What Women Want
Tips for interacting with your female customers
It’s been said that men and women are from different planets. We do not always see eye to eye, and sometimes we do not realize how a member of the opposite sex is feeling. This not only affects our personal lives, but our professional lives as well. In some cases, there are little things that can cost big sales. Over the course of this three-part series, I will explain how to prepare for an appointment, what to do (and not do) during your appointment, and most importantly, what to do after that “big date.”
I started out in the water industry almost 10 years ago as a territory manager in a rural area in Michigan. I have carried a test kit into residences ranging from a mobile home on 100 acres of farmland to multi-million-dollar homes. As the general manager of Moti-Vitality LLC, I have hired and trained sales professionals across the nation, allowing me to be a “fly on the wall” during many sales calls. I have been a consumer of home improvement products and services as recently as last week. But a large part of my research was done on Facebook — I asked many of my female friends what they like and dislike about in-home salespeople, and received some interesting feedback. The following tips are based on this feedback, as well as my experience in the field.
Tip #1: A woman’s status does not limit her responsibilities.
One of the most common complaints women share is being asked the question, “Will your husband be home?” Women may be single, married but working opposite shifts, divorced, or, let’s face it — it’s the 21st century, and some of your customers may be wife-and-wife teams rather than husband-and-wife teams. Some women are proud of their independence, while others just prefer not to discuss relationship status. One Facebook friend wrote: “We want to be talked to like we have common sense, not like we are women who don’t understand.”
Years ago, I had three window companies tell me that state law required that both husband and wife be present when a company representative was sent out. Working opposing shifts with four young children at home, this was not possible for my family. My husband and I discussed what we wanted prior to calling these companies; we knew our price range, and I had full authority to sign the paperwork — and the check.
As a matter of fact, women make or influence 85% of all purchasing decisions and purchase more than 50% of traditional “male” products, including automobiles, home improvement products and electronics. Of course, I chose the window company that was willing to come to my home and present its product to me — without my husband present.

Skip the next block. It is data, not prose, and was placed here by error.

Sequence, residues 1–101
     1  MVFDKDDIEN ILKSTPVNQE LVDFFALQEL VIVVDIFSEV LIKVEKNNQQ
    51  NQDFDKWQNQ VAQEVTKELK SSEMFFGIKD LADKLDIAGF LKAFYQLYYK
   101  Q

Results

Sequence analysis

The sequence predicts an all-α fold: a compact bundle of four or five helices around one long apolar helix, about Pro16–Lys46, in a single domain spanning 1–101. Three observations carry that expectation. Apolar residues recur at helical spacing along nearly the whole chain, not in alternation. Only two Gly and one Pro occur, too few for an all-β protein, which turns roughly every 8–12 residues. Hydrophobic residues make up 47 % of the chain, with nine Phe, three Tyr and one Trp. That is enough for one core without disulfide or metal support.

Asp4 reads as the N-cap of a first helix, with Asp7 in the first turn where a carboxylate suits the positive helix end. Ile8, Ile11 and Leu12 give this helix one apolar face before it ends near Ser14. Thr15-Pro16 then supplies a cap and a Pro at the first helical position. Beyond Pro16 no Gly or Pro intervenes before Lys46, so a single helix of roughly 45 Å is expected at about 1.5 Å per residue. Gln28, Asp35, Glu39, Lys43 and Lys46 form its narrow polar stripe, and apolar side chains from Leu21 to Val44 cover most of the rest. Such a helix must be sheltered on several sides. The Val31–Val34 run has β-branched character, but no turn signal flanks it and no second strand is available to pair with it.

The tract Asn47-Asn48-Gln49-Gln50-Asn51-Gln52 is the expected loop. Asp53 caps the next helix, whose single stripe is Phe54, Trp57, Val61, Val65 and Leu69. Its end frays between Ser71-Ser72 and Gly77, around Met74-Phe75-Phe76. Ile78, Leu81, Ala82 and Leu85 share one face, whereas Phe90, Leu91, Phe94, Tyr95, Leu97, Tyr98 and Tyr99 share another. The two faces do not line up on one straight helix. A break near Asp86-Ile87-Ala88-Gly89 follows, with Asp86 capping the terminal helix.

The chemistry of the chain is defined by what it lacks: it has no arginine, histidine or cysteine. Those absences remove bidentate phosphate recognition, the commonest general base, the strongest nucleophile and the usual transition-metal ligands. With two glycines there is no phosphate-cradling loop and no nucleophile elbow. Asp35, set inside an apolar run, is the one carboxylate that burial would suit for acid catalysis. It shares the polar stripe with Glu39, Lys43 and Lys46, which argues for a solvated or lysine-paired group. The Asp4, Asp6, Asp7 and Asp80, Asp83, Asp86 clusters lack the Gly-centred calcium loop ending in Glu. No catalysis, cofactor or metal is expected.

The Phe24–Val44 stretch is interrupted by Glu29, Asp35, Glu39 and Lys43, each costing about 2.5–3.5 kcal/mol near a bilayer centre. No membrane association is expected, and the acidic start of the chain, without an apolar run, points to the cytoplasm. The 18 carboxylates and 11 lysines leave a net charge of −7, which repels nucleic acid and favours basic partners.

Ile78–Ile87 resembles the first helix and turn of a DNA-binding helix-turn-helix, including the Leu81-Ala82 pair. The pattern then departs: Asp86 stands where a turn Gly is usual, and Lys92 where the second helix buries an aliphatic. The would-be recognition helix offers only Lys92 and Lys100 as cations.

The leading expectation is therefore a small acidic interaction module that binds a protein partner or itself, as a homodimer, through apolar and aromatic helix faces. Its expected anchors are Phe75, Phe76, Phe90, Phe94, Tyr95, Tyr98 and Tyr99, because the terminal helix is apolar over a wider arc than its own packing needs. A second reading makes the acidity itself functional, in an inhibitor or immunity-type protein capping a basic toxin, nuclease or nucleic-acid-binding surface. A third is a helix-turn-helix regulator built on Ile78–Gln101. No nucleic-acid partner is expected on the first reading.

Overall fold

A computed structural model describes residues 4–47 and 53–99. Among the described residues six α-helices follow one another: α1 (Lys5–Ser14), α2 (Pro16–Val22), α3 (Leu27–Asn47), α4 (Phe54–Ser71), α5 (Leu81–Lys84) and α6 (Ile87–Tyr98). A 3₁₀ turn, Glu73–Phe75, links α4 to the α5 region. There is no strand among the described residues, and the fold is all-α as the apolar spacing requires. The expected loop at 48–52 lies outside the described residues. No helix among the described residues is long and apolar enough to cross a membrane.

When setting an appointment, instead of asking for the husband’s name, ask, “Will there be any other decision-makers joining us?” or “How many people live in the home?” This gives the opportunity for a woman to say, “My husband will be working,” or “Just myself and my three children.” If she gives the first answer, then I suggest gently responding, “I am available to swing by in the evening or Saturday if that works for the two of you. If you are anything like my spouse and I, we have different questions.” Let her tell you what is best for their schedule, and gladly accept.
Tip #2: Get in touch with your feminine side.
Are you familiar with Malibu Treatments? If not, I challenge you to stop by a beauty salon in your area to find out. Ask the hairdressers and nail technicians about the challenges they face with customers who bathe in hard water. I had a hairdresser complain she had a customer who was “bad advertising.” Within two weeks of applying blonde highlights, the client became a dull strawberry blonde. This client’s friend assumed it was the result of a bad product being used at the salon, when in reality it was the 2 ppm of iron and 32 gpg of hardness in her water.
Good health is a top priority for women. Print out articles that discuss the benefits of water for healthy weight, skin and joints. Keep a few water recipes handy — mixing fresh lemon or raspberries with water can boost energy and make drinking water more appealing.
We all like to save money, and soft water not only reduces the amount of shampoo and lotion we use, but also the amount of cleaning products. Locate a dishwasher owner’s manual. You will find a hardness chart that not only advises using more than four times as much detergent for hardness levels of more than 12 gpg, but also recommends installing a water softener.
We are fortunate to have a world of knowledge at our fingertips. I recommend signing up for Google Alerts. You can type in keywords like “water” and the area in which you live. You will receive e-mails with news stories about what is happening with water in your area. If a customer hears about a water issue, she will have questions. She will look to you, the water expert, for answers.
Tip #3: Get to know the girl next door.
If you have access to a current customer database, take full advantage of it. If you have an appointment with Sherri on Miller Street, find a current customer close by. Call and ask to swing by while you are in the neighborhood (prior to your appointment with Sherri) to make sure all equipment is working properly, free of charge. This will offer “wow” service to your existing customer, and the opportunity to ask for a reference to give to Sherri. Let’s face it — women talk. If you treat her like she is “the one and only,” she will tell everybody.